Daniel Sheya prepared this report and the city estimates. Linda Gage prepared the state and county estimates, Walter Schwarm and Doug Kuczynski provided analytical expertise in city estimates while producing military, group quarters, household population and housing estimates. Mary Heim, Chief of the Demographic Research Unit, and John Malson, Research Manager over the city estimates section provided general direction.
State of California, Department of Finance, E-4 Historical Population Estimates for City, County and the State, 1991-2000, with 1990 and 2000 Census Counts. Sacramento, California, August 2007.
- E-4 Historical Population Estimates for City, County and the State, 1991-2000, with 1990 and 2000 Census Counts
This report provides revised population estimates for the state, counties and cities for January 1, 1991 through January 1, 2000. It also includes 1990 and 2000 decennial census counts. The revised estimates attempt to provide a consistent data series reflecting both decennial census counts by utilizing the Error of Closure (EOC) adjustment procedure, which is discussed below.
During the 1990s, California grew by roughly 1.19 percent per year, adding 374,079 persons annually on average. In comparison, California averaged an annual growth rate of 2.6 percent and increased by 609,200 per annum from 1980 to 1990.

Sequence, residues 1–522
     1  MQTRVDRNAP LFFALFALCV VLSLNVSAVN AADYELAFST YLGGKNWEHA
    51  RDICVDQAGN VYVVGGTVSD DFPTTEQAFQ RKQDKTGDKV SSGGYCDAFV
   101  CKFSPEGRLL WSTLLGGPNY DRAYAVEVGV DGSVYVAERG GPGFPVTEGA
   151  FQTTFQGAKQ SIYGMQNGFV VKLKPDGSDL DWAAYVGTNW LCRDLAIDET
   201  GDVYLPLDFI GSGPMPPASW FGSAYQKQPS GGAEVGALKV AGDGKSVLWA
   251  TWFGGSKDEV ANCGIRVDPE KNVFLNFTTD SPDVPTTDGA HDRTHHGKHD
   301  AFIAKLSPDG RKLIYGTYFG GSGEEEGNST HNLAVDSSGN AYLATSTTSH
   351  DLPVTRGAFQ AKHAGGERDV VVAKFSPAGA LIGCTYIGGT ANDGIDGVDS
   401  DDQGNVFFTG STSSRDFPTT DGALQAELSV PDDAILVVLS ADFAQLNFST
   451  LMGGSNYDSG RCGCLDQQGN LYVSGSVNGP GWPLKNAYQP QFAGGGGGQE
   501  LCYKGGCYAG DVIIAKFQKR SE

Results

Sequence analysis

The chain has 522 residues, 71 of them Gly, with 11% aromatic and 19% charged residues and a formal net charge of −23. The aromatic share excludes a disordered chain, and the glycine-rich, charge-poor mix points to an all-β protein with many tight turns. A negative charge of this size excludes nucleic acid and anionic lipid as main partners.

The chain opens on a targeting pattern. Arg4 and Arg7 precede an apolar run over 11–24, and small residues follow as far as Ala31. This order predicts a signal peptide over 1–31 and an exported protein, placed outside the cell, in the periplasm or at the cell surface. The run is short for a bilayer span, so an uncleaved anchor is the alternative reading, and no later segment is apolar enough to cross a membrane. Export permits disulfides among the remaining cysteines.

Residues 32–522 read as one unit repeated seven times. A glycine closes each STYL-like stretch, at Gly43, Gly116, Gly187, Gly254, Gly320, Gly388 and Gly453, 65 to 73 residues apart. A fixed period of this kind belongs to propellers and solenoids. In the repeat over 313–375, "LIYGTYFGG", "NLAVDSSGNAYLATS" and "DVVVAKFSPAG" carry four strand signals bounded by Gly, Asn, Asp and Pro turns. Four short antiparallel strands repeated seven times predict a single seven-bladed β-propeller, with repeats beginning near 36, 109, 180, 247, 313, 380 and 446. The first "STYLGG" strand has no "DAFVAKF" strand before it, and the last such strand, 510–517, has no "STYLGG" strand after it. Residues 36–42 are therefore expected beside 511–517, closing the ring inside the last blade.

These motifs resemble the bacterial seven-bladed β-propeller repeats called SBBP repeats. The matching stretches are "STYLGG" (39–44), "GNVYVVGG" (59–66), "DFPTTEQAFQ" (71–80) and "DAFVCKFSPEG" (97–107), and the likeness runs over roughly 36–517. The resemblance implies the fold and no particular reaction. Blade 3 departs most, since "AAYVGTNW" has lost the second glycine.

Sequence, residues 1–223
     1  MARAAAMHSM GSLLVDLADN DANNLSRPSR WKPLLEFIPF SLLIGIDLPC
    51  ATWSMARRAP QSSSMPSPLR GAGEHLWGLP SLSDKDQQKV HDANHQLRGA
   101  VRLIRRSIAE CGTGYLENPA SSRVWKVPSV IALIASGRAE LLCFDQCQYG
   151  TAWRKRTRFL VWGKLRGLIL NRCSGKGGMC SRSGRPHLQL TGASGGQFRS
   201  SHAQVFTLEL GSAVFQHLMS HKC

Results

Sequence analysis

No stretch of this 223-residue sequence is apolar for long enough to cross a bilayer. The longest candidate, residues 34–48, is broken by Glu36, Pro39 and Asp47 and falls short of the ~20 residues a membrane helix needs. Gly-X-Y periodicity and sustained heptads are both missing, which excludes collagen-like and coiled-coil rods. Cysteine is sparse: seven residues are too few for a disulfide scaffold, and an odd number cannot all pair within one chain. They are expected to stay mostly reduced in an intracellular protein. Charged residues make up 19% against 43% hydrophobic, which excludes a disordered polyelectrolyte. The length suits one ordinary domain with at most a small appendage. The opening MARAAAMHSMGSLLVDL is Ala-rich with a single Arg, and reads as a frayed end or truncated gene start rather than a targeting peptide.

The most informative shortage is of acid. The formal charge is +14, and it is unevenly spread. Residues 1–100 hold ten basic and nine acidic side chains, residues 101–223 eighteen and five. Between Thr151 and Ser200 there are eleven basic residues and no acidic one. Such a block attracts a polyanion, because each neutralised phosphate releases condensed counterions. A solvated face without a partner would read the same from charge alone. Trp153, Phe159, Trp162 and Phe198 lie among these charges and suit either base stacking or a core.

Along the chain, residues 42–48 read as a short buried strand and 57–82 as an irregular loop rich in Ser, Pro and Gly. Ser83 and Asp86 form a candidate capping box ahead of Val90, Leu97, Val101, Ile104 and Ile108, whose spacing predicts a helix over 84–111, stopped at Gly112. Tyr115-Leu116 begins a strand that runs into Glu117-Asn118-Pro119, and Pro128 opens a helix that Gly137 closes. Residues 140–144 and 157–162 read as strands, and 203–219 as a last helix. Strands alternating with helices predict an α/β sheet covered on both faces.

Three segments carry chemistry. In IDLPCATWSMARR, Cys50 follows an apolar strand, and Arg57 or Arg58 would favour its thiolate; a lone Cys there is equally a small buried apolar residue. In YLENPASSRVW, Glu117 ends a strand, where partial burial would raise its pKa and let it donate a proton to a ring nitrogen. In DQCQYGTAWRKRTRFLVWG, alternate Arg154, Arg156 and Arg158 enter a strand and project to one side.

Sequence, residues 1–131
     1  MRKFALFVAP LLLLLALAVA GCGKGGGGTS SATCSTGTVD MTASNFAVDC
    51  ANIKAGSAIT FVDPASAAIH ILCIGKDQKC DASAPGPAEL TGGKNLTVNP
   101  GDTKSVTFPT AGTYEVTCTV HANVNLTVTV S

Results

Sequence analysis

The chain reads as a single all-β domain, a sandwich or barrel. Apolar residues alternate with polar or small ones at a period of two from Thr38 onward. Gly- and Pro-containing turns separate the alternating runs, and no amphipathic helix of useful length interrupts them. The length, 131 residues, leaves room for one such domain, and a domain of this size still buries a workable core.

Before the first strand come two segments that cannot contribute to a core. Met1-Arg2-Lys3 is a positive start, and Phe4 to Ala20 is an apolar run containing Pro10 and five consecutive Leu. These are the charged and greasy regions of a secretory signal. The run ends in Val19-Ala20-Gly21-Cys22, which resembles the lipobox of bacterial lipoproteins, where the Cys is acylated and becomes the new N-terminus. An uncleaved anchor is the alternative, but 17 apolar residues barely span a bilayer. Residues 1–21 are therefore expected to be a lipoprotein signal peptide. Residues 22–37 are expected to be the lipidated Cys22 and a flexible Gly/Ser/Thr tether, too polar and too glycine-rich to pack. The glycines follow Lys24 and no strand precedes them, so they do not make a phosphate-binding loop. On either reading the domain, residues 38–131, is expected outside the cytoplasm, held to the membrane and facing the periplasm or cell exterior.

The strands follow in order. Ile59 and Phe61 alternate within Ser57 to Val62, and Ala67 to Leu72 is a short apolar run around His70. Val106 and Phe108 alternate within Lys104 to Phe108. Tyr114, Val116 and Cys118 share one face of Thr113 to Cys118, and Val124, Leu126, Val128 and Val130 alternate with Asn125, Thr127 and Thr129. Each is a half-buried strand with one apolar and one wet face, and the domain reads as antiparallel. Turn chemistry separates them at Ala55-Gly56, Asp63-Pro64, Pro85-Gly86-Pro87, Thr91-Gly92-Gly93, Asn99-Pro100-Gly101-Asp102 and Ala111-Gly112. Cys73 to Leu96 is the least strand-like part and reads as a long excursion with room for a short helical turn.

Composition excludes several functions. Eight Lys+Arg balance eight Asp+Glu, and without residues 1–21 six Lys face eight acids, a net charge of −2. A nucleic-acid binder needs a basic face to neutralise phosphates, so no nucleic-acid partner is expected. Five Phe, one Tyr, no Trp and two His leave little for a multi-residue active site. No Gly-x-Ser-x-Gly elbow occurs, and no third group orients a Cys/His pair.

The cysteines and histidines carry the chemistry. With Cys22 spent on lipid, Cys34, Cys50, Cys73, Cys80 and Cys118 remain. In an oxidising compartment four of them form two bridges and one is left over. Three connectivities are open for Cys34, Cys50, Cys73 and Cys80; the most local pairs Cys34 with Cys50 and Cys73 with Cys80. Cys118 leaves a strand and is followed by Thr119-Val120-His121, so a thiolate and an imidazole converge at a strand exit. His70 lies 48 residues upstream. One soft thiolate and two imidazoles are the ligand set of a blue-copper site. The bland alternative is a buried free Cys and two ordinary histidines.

The state, county and city January series estimates are independently estimated using population change models benchmarked on 1990 and 2000 decennial census counts that have not been adjusted for estimated undercount. The state population is estimated using the Driver License Address Change method. County population proportions are estimated using the average of three separately estimated sets of proportions, as described below, and then the final distribution of county proportions is applied to the independently estimated state control to derive the county estimates. These estimates, in turn, are used as controls for the city estimates, which have first been produced using the Housing Unit method detailed below.
Error of Closure.
Revising the estimates required computing the differences between “test” city, county and state estimates for April 1, 2000 and actual April 1, 2000 city, county and state census counts, and then allocating these differences, called the “error” statistically to the original estimates. The revisions correct for estimate error in the original series. To view a more elaborate explanation of the Error of Closure technique, please see the “E-8 Historical Population and Housing Estimates” report spanning the period 1990-2000.
City and Unincorporated Area Estimates.